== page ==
The American Bar Foundation awarded Dr. Barnes a residency as a visiting scholar for the 2019-2020 and 2018-2019 academic years. She has presented her work at numerous prestigious conferences such as the American Society of International Law Midyear Meeting, Harvard Law School’s Institute of Global Law and Policy Conference, the Association of Law, Property, and Society Annual Conference, Loyola Law School’s Constitutional Colloquium, and Fordham Law School’s International and Comparative Urban Law Conference.
Professor Barnes has served in several AALS leadership roles including Chair of the Section on Property Law, Chair of the Real Estate Transactions Section, and Chair-Elect of the European Law Section. In the international arena, Barnes has served as Co-Chair of the American Society of International Law Midyear Meeting (2019). She is also a member of the University of California - Berkeley’s Comparative Law Equality Working Group. Prior to entering academia, Professor Barnes practiced commercial real estate law in Chicago and clerked for a federal district court judge in the Northern District of Illinois.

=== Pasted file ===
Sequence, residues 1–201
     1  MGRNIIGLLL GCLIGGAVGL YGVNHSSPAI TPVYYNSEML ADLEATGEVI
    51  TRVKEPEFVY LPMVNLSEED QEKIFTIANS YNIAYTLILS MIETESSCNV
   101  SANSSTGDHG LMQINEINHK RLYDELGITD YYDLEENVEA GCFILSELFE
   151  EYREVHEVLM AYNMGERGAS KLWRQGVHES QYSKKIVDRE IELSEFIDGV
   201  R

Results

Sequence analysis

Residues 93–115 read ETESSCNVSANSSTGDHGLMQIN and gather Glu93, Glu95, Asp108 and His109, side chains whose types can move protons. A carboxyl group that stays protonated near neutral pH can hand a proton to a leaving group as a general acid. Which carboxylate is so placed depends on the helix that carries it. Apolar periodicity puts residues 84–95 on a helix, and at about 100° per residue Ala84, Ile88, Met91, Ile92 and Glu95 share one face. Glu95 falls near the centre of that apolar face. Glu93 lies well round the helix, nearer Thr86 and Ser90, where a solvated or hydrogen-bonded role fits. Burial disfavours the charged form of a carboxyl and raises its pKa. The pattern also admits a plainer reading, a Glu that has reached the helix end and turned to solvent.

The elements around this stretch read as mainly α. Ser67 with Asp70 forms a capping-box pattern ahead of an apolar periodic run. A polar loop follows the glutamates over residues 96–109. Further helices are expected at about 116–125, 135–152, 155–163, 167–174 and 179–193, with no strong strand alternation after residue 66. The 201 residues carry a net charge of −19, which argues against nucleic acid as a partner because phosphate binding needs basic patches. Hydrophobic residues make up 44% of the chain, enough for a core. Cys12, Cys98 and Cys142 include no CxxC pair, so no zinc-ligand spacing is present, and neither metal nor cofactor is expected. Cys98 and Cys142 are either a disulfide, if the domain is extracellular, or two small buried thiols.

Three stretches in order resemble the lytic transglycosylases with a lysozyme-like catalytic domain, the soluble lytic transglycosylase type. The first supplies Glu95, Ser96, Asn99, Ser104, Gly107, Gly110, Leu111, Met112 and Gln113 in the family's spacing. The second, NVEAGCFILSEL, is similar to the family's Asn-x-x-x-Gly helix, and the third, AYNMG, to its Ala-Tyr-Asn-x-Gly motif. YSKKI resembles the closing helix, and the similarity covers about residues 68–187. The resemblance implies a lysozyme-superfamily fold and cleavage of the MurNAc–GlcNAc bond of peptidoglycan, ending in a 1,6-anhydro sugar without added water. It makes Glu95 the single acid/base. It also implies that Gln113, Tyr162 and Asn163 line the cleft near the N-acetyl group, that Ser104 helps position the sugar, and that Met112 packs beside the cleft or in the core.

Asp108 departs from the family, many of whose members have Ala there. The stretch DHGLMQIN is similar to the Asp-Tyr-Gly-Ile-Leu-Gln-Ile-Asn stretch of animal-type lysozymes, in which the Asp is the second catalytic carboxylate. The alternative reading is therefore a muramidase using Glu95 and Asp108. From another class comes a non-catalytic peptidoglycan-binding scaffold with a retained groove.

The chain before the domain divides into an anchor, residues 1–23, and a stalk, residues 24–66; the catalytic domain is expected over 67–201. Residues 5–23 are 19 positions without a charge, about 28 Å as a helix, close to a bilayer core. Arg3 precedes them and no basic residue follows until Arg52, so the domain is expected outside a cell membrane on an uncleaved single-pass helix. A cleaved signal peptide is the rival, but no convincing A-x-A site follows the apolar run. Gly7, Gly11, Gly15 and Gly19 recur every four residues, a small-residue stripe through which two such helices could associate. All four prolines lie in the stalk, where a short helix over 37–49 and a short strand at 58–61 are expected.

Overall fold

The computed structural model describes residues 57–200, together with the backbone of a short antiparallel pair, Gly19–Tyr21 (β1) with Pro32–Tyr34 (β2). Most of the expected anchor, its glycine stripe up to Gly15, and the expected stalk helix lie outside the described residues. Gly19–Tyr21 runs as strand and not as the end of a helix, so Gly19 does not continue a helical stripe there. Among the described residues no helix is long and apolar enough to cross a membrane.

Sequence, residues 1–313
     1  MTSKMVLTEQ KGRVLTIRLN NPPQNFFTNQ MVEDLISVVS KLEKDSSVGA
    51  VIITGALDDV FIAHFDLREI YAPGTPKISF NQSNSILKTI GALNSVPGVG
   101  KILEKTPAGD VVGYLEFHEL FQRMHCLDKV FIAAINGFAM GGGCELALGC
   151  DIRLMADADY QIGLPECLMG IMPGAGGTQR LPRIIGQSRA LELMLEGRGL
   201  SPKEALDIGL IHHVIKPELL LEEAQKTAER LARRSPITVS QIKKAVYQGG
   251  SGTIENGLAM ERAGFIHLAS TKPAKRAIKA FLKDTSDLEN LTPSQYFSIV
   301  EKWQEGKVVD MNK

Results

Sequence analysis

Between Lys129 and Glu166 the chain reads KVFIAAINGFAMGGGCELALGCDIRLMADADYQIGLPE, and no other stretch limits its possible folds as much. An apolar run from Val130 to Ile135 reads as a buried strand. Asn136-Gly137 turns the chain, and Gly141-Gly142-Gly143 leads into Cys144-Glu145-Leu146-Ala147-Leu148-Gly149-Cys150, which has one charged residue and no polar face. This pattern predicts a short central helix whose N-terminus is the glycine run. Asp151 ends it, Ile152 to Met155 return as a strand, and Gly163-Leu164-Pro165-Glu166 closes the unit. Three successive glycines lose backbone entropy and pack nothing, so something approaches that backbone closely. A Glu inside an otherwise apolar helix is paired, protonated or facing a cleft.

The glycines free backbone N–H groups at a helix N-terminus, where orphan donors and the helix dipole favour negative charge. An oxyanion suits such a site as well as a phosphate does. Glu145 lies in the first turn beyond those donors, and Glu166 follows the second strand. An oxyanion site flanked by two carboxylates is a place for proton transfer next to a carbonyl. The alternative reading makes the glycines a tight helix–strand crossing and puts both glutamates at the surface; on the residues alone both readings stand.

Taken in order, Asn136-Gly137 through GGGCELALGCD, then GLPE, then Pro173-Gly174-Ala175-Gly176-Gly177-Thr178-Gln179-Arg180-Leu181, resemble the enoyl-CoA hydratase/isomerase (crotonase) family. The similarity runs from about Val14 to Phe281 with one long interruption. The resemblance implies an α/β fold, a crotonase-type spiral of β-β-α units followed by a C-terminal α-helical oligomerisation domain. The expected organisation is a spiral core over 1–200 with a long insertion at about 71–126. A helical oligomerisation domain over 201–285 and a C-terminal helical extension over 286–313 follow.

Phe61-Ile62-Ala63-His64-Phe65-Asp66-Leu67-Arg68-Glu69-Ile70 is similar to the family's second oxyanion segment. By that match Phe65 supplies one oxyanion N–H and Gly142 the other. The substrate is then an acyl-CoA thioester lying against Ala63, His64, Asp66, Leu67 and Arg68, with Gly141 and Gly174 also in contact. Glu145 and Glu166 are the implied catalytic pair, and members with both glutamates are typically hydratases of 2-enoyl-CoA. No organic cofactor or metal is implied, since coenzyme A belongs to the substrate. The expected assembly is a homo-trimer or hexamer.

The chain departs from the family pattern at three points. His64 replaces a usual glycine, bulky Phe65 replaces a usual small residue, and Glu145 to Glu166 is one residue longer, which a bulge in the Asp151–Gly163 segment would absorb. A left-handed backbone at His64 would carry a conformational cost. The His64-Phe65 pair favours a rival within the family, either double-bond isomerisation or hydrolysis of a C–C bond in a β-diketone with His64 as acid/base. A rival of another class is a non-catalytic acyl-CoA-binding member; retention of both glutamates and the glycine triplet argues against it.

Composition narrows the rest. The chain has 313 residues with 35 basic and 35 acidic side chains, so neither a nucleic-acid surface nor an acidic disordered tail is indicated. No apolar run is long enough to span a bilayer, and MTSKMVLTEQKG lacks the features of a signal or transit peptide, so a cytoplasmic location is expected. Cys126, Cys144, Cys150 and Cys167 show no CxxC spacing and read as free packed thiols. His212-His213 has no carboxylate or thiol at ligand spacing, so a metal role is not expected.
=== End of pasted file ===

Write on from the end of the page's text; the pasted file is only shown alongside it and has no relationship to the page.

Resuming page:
Urvashi Bhattacharya is director for strategic initiatives and project management for the Division of Business, Finance and Administrative Services (BFAS) at Syracuse University. Born and raised in India, Bhattacharya earned a bachelor’s degree in economics from Delhi University and a master’s in international economics from Jawaharlal Nehru University, New Delhi. She then went on to earn an MBA from the Xavier’s Institute of Management, Bhubaneswar.